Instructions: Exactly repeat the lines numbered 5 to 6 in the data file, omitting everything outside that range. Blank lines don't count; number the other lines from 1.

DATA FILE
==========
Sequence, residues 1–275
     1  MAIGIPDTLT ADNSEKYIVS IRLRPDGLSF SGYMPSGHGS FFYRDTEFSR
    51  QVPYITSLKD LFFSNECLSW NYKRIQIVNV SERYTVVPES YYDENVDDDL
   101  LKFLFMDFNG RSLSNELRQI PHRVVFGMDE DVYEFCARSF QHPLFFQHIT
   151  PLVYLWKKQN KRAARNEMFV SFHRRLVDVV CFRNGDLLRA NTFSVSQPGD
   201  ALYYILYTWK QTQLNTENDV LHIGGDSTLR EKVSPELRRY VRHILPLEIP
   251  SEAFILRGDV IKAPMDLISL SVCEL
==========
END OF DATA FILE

   151  PLVYLWKKQN KRAARNEMFV SFHRRLVDVV CFRNGDLLRA NTFSVSQPGD
   201  ALYYILYTWK QTQLNTENDV LHIGGDSTLR EKVSPELRRY VRHILPLEIP